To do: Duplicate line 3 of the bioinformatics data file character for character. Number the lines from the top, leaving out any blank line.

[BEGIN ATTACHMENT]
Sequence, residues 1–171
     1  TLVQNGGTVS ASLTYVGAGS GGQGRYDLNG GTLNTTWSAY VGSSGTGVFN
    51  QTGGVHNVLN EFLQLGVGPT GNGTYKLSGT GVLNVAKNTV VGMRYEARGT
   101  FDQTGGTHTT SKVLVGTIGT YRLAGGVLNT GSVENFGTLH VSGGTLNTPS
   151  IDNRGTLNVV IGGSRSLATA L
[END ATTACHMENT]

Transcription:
    51  QTGGVHNVLN EFLQLGVGPT GNGTYKLSGT GVLNVAKNTV VGMRYEARGT